The Underground History of American Education and Dumbing Us Down by John Taylor Gatto
John Taylor Gatto was New York State and City teacher of the year about ten years ago. Then he quit teaching, after thirty years, because he was fed up with the public school system. I picked up this book because (a) it was recommended to me by a respectable person, and (b) some day I will probably have children who will need to be educated. I've always had suspicions about the public school system, but Gatto's book is an eye opener. If even half of what he argues for in UHAE is true, I will never send my children to a public school, even a good one. This isn't to say that Gatto is a sloppy thinker or doesn't support his argument. It's just that what Gatto argues for really goes against the grain of conventional wisdom about schooling.
So what is Gatto's thesis? There are actually a number of them, and what follows is not exhaustive.
(1) Public schooling was designed (that's important, it was designed) to "remove all significant functions from home and family life except its role as dormitory and casual companionship" (p. 380). In other words, public schools were designed to erode the natural bonds between parent and child and replace them with artificial bonds between the state and the child.
(2) The motivating thesis of compulsory schooling, that "the certified expertise of official schoolteachers is superior in its knowledge of children to the accomplishments of lay people, including parents," is false (p. 384).
(3) Schooling is both very expensive and results in dispirited children; education is practically free and results in free, independent human beings. The difference between schooling, which may or may not coincide with education, and education, which can be done without schooling, is enormous. The degree in "education" that is so eagerly obtained in many colleges and universities is really a degree in "schooling." I cannot spell out the full difference between education and schooling here. Read the book.
(4) "Mass dumbness first had to be imagined, it isn't real" (p. xxxi). School makes people dumb, not smart.
(5) The way things are now is not the result of some vast conspiracy. Instead, "we are held fast by a form of highly abstract thinking fully concretized in human institutions which was grown beyond the power of the managers of these institutions to control" (p. xxxiii).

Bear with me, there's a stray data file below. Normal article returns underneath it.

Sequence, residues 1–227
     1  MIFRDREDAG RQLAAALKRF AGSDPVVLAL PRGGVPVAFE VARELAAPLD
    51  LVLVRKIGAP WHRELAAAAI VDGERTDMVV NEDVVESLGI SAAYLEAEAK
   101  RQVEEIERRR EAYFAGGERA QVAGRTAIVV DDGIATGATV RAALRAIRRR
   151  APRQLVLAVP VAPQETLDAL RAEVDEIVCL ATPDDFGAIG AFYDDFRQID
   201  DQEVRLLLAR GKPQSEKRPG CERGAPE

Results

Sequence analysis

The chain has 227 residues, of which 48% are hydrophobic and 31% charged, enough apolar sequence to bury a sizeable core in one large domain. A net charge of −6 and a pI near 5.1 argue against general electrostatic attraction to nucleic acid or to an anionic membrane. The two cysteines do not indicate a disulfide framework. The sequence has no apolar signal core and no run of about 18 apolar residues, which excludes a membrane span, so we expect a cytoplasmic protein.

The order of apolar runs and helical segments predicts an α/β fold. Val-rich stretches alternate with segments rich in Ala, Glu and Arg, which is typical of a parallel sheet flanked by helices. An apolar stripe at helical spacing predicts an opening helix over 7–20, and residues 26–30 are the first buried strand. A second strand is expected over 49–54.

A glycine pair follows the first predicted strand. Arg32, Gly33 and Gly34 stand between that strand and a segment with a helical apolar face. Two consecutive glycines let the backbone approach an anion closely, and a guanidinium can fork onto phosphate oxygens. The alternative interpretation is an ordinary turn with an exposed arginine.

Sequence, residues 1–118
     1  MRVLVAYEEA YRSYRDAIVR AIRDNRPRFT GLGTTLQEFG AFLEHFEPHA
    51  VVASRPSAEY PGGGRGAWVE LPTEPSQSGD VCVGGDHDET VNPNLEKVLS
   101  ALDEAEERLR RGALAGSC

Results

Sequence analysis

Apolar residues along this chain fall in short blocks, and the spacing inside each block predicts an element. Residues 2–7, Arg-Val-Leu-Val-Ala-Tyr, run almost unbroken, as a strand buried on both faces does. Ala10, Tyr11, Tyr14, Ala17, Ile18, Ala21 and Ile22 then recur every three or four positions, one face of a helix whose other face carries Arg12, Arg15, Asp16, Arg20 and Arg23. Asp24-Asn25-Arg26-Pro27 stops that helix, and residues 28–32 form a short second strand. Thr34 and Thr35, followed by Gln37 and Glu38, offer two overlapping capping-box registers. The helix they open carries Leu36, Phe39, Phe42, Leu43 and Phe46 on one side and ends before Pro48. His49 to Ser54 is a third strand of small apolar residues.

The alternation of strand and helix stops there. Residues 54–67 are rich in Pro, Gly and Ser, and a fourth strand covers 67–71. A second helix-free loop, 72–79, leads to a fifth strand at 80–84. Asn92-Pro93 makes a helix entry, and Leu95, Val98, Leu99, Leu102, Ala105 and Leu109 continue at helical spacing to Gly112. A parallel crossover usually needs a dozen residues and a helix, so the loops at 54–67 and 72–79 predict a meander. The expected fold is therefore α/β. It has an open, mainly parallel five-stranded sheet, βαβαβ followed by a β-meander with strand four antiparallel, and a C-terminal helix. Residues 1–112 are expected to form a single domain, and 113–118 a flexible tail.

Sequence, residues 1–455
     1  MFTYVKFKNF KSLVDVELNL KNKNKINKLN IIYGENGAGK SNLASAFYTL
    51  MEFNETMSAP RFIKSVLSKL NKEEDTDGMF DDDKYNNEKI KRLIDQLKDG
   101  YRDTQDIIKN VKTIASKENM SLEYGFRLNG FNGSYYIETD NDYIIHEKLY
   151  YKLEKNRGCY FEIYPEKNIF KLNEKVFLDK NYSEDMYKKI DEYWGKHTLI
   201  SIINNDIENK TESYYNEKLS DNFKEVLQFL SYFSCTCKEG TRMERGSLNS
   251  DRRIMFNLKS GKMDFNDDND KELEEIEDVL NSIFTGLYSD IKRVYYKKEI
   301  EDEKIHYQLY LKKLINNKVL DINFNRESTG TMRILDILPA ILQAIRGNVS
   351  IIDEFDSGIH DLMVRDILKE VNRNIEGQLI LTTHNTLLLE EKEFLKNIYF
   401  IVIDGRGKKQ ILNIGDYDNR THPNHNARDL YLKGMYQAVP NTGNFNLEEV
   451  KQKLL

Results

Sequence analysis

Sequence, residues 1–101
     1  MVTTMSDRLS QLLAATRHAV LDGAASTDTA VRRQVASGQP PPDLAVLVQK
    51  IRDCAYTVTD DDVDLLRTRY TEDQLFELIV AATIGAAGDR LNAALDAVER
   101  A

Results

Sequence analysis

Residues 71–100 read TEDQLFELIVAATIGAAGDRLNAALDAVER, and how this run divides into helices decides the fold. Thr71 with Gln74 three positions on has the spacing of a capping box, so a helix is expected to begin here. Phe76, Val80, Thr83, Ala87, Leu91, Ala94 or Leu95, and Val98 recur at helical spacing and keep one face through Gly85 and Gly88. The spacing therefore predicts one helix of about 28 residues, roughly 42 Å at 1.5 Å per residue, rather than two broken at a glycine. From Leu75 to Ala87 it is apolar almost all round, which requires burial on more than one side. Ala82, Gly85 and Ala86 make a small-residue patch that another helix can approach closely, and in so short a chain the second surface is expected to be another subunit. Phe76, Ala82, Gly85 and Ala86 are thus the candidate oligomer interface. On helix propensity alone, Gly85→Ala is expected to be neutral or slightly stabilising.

Gatto gives a plausible argument for each of these theses by drawing on materials available in mainstream scholarship. I think it helps his case that he doesn't refer to very many, if any, "conspiracy books" to make his case. He pins most of the blame on Carnegie, Rockefeller, and Morgan for financing the compulsory school experiment with the full knowledge of what the schools would produce: dumbed-down assembly line workers with little independent spirit.
UHAE is about 400 pages long. I'm still thinking over the main arguments of the book and reading certain sections over again, so I cannot offer very many criticisms of it. One thing that I will say is that Plato draws a lot of fire from Gatto for providing the ideology of an organized, planned state. I think he's missed the boat on Plato there, but so did the people Gatto criticizes (like Carnegie, et al.). I think Gatto may realize this, or at least he would if he reflected on a quotation from Plato he includes in the book: "Nothing of value to the individual happens by coercion" (p. 384). This quotation runs contrary to all the other citations of Plato in UHAE, and Gatto must surely have noticed this. John Calvin also comes in for a lot of criticism, some of it unjustified in my opinion.
Dumbing us Down is a collection of lectures and papers given by Gatto and one time or another. Much of it is reprinted almost verbatim in UHAE, but UHAE is much more comprehensive in its attempt to understand the history of American schooling. Dumbing us Down can be read in a few hours and is more readily available in stores than UHAE. Read one or both of these books if you want to educate your children well. (The full text of UHAE is available online.)